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Photo: Chip Somodevilla/Getty Images

Representatives of more than a dozen state attorney general offices will convene Tuesday morning with U.S. Attorney General Jeff Sessions to discuss concerns about social media platforms.

Why it matters: The threat of an antitrust investigation of the big tech platforms looms over the proceedings, but it’s unclear what exactly the Department of Justice's plan is for the gathering.

The big picture: The states will be discussing “a growing concern that these companies may be hurting competition and intentionally stifling the free exchange of ideas on their platforms,” per a statement from Justice in early September, shortly after President Trump had tweeted about alleged anti-conservative bias at Silicon Valley companies like Google and Facebook.

According to a DOJ official, attendees at the 10 am meeting will include:

  • The Attorneys General from Maryland, Louisiana, the District of Columbia, California, Mississippi, Tennessee, Utah, California and Nebraska as well as representatives of the AG offices in Arkansas, Missouri, Texas, Washington and Arizona will also attend.
  • Attorney General Sessions, Deputy Attorney General Rod Rosenstein, DOJ antitrust chief Makan Delrahim and Acting Associate Attorney General Jesse Panuccio.

Yes, but: The meeting is unnerving to some in tech policy circles, who fear the Justice Department is using its antitrust enforcement authority to pursue a partisan grudge.

  • Several groups and individuals led by the right-leaning TechFreedom said in a letter to Sessions last week that “we fear that the effect of your inquiry will be to accomplish through intimidation what the First Amendment bars: interference with editorial judgment.”
  • Earlier, the meeting had drawn criticism for only including Republican AGs, but DOJ changed course. The attorneys general from California, Maryland, DC, Mississippi and Washington state are all Democrats.

What’s next: Both the companies and their critics will watch closely to see what — if anything — officials say after the meeting, and whether more aggressive federal or state probes follow on.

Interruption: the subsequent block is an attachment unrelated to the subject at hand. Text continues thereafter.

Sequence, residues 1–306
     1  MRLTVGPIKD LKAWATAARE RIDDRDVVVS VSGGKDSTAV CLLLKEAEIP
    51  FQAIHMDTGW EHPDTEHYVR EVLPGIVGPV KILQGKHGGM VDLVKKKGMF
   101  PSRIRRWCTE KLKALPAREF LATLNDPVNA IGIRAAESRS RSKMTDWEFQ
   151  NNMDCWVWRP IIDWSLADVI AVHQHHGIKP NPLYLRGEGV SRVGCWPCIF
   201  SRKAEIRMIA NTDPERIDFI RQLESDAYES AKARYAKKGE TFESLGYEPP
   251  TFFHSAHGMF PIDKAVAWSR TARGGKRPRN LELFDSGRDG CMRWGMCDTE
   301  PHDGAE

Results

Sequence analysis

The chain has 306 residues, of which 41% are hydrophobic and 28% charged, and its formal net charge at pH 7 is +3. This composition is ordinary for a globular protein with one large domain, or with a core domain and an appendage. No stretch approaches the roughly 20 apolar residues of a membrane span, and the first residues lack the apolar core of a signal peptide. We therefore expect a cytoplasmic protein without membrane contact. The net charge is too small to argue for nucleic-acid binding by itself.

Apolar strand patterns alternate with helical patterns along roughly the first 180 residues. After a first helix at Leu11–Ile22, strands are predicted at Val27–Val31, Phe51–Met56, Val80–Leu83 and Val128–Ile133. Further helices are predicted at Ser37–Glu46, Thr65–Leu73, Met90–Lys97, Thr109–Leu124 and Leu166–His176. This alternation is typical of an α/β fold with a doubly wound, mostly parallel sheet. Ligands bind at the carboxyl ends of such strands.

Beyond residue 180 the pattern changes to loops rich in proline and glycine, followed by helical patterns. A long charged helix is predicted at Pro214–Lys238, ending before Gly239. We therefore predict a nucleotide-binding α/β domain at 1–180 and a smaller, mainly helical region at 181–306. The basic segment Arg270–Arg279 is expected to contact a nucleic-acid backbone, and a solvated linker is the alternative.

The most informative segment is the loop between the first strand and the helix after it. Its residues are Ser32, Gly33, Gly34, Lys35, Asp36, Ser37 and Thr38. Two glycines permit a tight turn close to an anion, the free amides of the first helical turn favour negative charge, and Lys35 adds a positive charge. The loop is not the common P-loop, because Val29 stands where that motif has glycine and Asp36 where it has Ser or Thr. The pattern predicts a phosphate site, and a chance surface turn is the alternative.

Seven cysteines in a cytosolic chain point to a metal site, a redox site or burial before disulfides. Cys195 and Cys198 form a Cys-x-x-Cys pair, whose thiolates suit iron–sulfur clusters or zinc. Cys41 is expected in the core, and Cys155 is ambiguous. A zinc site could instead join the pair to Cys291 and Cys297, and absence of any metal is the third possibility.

Go deeper

Swing voters oppose Texas abortion law

Protesters at a rally at the Texas State Capitol. Photo: Jordan Vonderhaar/Getty Images

All 10 swing voters in Axios’ latest focus groups — including those who described themselves as "pro-life" — said they oppose Texas' new anti-abortion law.

Why it matters: If their responses reflect larger patterns in U.S. society, this could hurt Republicans with women and independents in next year's midterm elections. The swing voters cited overreach, invasion of privacy and concerns about frivolous lawsuits jamming up the courts.

29 mins ago - Politics & Policy

Scoop: Biden bombs with Manchin

Then-Vice President Joe Biden conducts a ceremonial swearing-in for Sen. Joe Manchin in 2010. Photo: Tom Williams/Roll Call

President Biden failed to persuade Sen. Joe Manchin (D-W.Va.) to agree to spending $3.5 trillion on the Democrats' budget reconciliation package during their Oval Office meeting on Wednesday, people familiar with the matter tell Axios.

Why it matters: Defying a president from his own party — face-to-face — is the strongest indication yet Manchin is serious about cutting specific programs and limiting the price tag of any potential bill to $1.5 trillion. His insistence could blow up the deal for progressives and others.

Biden blindsides Europe with new AUKUS alliance on China

Photo illustration: Sarah Grillo/Axios. Photo: Melina Mara/The Washington Post via Getty Images

President Biden is constructing and deepening new alliances to strengthen the U.S. position in its showdown with China, but he risks alienating longstanding allies in the process.

Why it matters: Biden heralded a new agreement to help Australia acquire nuclear submarines as part of a trilateral security pact with the U.K. and the U.S. as an "historic step" to update U.S. alliances to face new challenges. The message from French foreign minister, Jean-Yves Le Drian, was quite different.